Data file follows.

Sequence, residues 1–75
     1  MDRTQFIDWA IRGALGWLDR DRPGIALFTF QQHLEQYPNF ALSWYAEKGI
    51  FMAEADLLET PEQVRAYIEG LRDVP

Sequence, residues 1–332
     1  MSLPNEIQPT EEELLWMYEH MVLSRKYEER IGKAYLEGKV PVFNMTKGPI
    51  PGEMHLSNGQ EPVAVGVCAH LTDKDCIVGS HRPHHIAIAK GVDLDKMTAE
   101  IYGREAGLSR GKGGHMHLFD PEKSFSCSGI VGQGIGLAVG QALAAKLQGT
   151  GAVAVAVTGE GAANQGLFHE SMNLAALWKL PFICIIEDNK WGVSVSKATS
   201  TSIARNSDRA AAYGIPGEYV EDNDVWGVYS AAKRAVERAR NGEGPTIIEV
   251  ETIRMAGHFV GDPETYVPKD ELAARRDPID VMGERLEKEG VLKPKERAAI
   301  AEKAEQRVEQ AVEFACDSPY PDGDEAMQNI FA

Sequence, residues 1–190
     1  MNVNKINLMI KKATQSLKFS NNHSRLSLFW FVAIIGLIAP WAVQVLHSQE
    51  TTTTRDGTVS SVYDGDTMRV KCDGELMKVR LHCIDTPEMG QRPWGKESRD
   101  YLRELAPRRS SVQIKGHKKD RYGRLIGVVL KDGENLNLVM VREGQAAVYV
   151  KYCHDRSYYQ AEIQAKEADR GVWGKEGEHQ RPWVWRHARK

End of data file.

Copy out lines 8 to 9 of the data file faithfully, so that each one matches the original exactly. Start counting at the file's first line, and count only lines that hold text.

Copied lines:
   151  GAVAVAVTGE GAANQGLFHE SMNLAALWKL PFICIIEDNK WGVSVSKATS
   201  TSIARNSDRA AAYGIPGEYV EDNDVWGVYS AAKRAVERAR NGEGPTIIEV